You and I must carefully examine how humility and pride characterize our lives. Pride sneaks into our lives quietly but can soon become a roaring lion. We can have a string of successes or favors and then all of a sudden, it’s “all about me.” “Look at how good I did, look at how successful I was!” We’re the first to brag about our successes and we want to be the center of attention. We want more and more, to advance our own position and we forget the needs of those around us, those looking to us for help. Pride is the worst kind of poverty. It stores up worldly praise, treasure, and ambition that fade away like vapor and is empty of the life of God and the spiritual riches that have eternal significance.

But, this is not to say that we should walk around gloomy and sulking – as I did during that Easter Vigil several years ago after feeling so terrible for what I had said. God doesn’t want gloomy Christians either. Being humble does not mean being constantly self-deprecating which is so tiring to one’s family and friends. This is a false humility – a humility that springs from a desire to appear humble rather than springing from a true humbled and contrite heart. We also see this in those who have an almost belligerent rejection of the charity of another or of proper praise when it is due. “No, No, No! That wasn’t nearly as good a homily as it could have been! Well, I got through it! Eh, it was OK… it wasn’t that great” – those kinds of statements often come from a false humility. Another funny example is what you can sometimes witness in a restaurant – the feverish competition to see who will pick up the tab – “Oh, allow me! Oh, no I couldn’t! Oh, but I insist! Oh, no please let me!” and there is this game of hot potato back and forth with the bill and the cash until someone ends up sliding money through the window of the car or hiding it in the other’s pocket! What we often forget is that accepting charity is an act of humility.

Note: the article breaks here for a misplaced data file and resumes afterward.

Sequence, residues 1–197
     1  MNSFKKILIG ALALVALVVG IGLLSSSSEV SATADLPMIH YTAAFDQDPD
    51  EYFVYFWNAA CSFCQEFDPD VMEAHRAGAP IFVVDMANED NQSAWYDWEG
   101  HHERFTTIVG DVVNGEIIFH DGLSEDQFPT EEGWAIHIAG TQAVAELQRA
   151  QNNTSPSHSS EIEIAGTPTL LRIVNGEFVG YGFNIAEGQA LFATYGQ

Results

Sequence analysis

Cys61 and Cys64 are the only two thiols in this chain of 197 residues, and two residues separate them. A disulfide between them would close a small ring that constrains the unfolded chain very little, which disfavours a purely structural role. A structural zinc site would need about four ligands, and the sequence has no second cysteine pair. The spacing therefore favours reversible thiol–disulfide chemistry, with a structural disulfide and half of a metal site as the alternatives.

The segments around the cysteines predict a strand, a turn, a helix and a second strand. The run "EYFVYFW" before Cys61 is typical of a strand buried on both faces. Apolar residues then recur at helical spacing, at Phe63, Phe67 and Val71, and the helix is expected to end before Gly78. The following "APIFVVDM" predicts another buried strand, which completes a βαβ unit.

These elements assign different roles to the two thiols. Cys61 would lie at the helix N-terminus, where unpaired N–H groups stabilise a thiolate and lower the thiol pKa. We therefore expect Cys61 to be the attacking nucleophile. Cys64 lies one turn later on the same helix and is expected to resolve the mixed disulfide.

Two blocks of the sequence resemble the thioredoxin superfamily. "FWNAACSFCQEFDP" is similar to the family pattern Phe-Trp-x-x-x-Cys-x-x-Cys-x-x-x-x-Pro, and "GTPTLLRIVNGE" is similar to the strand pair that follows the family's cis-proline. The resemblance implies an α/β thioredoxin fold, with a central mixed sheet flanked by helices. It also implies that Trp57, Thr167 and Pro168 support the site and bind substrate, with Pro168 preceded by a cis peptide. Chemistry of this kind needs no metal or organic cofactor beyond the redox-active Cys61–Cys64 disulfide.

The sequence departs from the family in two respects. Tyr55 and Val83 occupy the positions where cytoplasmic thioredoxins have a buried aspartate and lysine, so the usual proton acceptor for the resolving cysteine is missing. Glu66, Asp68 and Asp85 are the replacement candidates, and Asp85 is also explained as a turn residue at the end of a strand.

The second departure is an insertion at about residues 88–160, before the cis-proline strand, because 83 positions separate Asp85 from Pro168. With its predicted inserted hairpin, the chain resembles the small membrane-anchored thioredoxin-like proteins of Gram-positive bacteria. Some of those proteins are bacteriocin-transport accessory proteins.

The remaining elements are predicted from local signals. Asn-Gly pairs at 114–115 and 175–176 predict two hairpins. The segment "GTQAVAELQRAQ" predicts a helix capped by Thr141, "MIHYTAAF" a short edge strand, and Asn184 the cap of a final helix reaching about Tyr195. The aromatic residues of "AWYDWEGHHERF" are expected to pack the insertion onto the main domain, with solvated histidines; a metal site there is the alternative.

Humility is not a gloominess or a stubborn refusal of help or appreciation. It is simply an accurate estimation of one’s standing before God and of one’s situation. To adamantly reject the notion that we need or could use help in a given moment is to have an inaccurate estimation of our sinfulness, weakness, and room for growth. Only after we acknowledge how much help we truly need, will God be able to provide for those needs, to lift us up by the hand, and exalt us in the spiritual life.

This authentic humility brings peace and calmness. It comes naturally. It is attractive, it is gracious, it is welcoming. It is steady and even-keeled. It is joyful because it finds its sustenance through reliance on God who never fails, rather than on itself who often fails. Humility says, “Thank you very much, I appreciate that” when a comment is given. It says, “Well, that’s very generous of you, God bless you” when a friend offers to pick up the check. It carries always on its lips the song of Mary: “the Almighty has done great things for me and Holy is His Name. He has cast down the mighty from their thrones and has lifted up the lowly. He has filled the hungry with good things, and the rich he has sent away empty…” and the Glory be, “Glory be to the Father, and to the Son, and to the Holy Spirit, as it was in the beginning, is now and ever shall be, world without end. Amen.”

Wednesday, August 28, 2013

21st Sunday in Ordinary Time, Year C–Share Your Faith, Broaden the Narrow Gate

Before I entered seminary in 2005 I was a software developer for an investment firm in Louisville. I was on a team that made in-house software that our portfolio managers used to track their performance. I did that for about 2.5-3 years and it was during that period that I discerned the priesthood. I felt like God had led me to Louisville via that job so I decided to study for the Archdiocese of Louisville rather than the Diocese of Owensboro where I was born and raised.